Forgotten Child, Maria

Maria was 10 days old when she was baptized on August 31, 1890 in the church of Nossa Senhora do Monte. She was the daughter of Julio Goncalves and Carolina da Lomba and born at midnight on the 21st of August in Cham de Sousa. Her paternal grandparents were Francisco Goncalves and Angelica Pires and her maternal grandparents were Joaquim da Lomba and Theresa Corrêa.

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I immediately knew this was my ancestor and assumed this was my great-great grandmother. I had vague recollections of my great-grandmother, Bibi, saying that her mother was very young when she was born, but 14???? She was herself very young when her mother died so she didn’t have very much information. But something about this just never really sat well with me. Bibi was born in October, 1904 which would have meant that her mother would have just turned 14 and married when she was 13. Possible, I guess, but it still didn’t feel right.

20140225-171112.jpg These are my great-great grandparents, Rosa Goncalves and Antonio Jose Coelho

Bibi was known as “Nha Maria Rosinha” which meant that she was Maria, the daughter of “Rosinha” or Rosa. This was a baptismal record for Maria. Bibi always told me that her mother was the only child of Julio and Carolina. They both died very young and Rosa was raised by her grandmother, Angelica. So who was Maria?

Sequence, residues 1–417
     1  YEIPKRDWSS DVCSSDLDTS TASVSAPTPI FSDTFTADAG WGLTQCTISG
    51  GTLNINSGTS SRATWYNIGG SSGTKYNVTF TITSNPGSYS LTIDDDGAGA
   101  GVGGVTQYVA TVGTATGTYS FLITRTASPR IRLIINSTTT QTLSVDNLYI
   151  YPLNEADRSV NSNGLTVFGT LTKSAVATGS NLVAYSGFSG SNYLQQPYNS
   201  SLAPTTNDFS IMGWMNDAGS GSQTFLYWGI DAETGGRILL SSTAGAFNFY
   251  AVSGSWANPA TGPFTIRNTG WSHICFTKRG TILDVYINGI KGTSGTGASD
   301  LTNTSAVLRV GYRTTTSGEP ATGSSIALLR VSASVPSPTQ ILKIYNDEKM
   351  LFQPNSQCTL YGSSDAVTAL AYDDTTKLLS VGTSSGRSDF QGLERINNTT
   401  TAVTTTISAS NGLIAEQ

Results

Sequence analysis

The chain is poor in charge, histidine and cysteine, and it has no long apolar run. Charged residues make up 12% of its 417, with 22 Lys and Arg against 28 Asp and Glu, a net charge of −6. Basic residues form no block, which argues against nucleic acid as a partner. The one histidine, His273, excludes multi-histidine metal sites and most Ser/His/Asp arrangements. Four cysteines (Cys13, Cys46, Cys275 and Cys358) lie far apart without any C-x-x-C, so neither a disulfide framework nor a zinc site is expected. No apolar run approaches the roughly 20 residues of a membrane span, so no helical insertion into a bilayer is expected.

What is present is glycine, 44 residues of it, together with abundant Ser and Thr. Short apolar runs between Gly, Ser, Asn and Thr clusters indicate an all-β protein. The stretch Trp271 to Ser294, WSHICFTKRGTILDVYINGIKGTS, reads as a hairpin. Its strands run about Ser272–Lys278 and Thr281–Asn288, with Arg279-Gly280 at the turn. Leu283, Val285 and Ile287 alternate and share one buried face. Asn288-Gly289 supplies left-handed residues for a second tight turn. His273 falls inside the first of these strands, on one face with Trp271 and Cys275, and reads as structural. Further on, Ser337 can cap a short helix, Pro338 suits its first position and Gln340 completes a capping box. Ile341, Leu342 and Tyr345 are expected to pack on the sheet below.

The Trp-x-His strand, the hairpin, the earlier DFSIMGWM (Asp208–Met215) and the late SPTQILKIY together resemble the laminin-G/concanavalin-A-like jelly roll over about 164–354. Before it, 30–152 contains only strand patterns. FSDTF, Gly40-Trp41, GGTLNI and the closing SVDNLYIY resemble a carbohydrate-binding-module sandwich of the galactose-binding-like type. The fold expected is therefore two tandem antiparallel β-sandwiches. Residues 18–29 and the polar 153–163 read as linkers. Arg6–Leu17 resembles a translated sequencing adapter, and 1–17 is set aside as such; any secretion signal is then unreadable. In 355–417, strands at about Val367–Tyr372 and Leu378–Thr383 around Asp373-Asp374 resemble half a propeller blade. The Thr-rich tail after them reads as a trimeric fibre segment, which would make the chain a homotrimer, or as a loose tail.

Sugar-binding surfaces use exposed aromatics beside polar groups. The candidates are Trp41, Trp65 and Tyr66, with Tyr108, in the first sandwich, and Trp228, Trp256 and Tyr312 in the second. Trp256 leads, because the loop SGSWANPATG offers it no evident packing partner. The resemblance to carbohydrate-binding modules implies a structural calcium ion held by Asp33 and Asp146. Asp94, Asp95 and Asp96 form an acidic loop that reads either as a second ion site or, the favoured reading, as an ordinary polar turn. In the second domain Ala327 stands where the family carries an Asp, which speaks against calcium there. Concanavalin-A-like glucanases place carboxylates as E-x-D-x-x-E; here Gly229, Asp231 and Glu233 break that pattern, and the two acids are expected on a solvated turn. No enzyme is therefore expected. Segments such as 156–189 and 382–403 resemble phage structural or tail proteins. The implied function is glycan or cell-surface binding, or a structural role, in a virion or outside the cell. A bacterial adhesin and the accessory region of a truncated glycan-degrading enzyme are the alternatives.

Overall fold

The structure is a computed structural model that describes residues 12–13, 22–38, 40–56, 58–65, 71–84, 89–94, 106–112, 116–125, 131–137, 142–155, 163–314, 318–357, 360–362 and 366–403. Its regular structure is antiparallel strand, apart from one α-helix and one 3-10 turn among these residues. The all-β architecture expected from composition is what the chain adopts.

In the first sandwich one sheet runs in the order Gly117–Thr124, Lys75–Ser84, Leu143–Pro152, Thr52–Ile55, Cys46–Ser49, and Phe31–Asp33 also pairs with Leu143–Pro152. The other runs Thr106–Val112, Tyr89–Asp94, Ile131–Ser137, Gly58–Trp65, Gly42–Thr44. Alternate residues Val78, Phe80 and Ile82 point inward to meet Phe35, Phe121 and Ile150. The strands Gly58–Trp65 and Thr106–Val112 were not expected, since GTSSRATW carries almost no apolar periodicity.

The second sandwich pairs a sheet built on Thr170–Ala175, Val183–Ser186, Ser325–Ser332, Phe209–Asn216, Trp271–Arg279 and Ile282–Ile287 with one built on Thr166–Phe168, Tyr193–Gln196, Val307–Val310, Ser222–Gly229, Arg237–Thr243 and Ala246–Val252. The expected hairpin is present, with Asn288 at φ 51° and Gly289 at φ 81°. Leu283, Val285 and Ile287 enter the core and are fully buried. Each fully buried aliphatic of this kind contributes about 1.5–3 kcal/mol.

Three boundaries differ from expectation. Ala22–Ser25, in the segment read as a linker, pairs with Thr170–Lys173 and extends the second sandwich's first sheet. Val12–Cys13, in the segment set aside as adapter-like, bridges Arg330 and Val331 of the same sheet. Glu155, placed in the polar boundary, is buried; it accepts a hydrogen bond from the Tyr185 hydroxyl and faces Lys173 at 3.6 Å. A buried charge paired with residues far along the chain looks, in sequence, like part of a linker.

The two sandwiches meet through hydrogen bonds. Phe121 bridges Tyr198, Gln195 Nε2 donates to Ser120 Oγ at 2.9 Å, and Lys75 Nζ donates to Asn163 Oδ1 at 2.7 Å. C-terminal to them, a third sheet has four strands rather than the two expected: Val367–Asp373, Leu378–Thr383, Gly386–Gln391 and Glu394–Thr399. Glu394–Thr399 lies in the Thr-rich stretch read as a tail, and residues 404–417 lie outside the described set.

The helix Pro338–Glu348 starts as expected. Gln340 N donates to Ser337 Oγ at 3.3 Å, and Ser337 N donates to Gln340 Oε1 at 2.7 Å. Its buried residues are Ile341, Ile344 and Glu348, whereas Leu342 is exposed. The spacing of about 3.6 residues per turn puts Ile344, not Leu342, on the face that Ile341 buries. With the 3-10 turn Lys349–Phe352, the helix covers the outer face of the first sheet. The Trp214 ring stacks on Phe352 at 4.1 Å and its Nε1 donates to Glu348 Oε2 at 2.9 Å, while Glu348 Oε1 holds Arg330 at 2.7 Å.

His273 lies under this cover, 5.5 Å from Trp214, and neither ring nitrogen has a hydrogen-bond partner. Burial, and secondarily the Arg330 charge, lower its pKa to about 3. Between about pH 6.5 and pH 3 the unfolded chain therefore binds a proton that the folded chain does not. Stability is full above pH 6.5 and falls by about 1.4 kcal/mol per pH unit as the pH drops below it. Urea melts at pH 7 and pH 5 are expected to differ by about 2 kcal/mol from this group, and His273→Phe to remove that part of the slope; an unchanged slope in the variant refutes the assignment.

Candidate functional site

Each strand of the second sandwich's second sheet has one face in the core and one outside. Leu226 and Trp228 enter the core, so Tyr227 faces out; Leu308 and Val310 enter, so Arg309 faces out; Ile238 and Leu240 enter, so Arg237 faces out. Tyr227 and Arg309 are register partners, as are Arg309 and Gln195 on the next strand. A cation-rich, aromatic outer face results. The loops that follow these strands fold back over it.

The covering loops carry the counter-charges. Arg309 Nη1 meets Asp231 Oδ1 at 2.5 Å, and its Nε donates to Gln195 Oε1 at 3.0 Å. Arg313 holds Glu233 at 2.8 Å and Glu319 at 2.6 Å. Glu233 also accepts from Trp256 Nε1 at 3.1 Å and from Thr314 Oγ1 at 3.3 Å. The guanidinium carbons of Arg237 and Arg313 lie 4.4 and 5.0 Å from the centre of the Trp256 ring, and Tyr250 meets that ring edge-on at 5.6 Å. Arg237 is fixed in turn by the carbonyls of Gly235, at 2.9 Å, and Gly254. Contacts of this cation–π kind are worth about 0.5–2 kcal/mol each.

I found a record for my great-great grandmother, Rosa, born in 1886 to Julio and Carolina. My great-great-great grandparents were married in 1883. Julio died on December 22, 1893 and Carolina died on October 22, 1896. Rosa was orphaned when she was 10 years old. Then I found this….

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On the 1st of June, 1893 a child named Maria, three years old, died at 3 o’clock in the afternoon. She was the daughter of Julio Goncalves and Carolina da Lomba, residents of Cham de Sousa, property owners. She was buried in the parish’s public cemetery. Within three years the family was almost completely gone. Maria was so young. Maybe she died from a fall or disease. There may have been an cholera or malaria epidemic that took the life of her father six months later or maybe it was from hunger during drought and famine.

We’ll probably never know what happened to little Maria. I don’t think Bibi ever knew that she had an aunt with the same name. It was the custom to not speak about dead children and when you combine that with the death of both parents I can understand why the family may not have spoken about it.

Maria was forgotten for 121 years and was found almost by accident. She existed, if only for a short time, and now she is a part of my ever growing family tree.

Author: The Creola Genealogist

My name is Anna Lima. I am the daughter of immigrants, born and raised in Massachusetts. I am the mother of two and a Speech Pathologist. My love of family history began as a child listening to my elders speak of “the old country”. Through their stories grew a love for the culture and traditions of my ancestors and I wanted to know more about who they were. My great-grandmother, our family Griot, was my greatest inspiration as she passed down stories and traditions that have helped me become the person I am today. I believe that remembering our ancestors strengthens who we are. I hope to continue my great-grandmother’s legacy, to continue to pass down the stories of not only my own family history but also the stories of the ancestors of anyone who wishes to remember. My blog is dedicated to the ancestors, those remembered and those yet to be found.

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